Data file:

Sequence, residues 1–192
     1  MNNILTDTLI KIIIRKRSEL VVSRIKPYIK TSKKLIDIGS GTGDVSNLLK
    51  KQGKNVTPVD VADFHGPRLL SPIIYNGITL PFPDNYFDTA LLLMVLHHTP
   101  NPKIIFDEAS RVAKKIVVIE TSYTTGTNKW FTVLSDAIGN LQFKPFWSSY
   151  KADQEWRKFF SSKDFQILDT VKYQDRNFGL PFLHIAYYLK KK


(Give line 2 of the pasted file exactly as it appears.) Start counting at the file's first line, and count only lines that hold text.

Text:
     1  MNNILTDTLI KIIIRKRSEL VVSRIKPYIK TSKKLIDIGS GTGDVSNLLK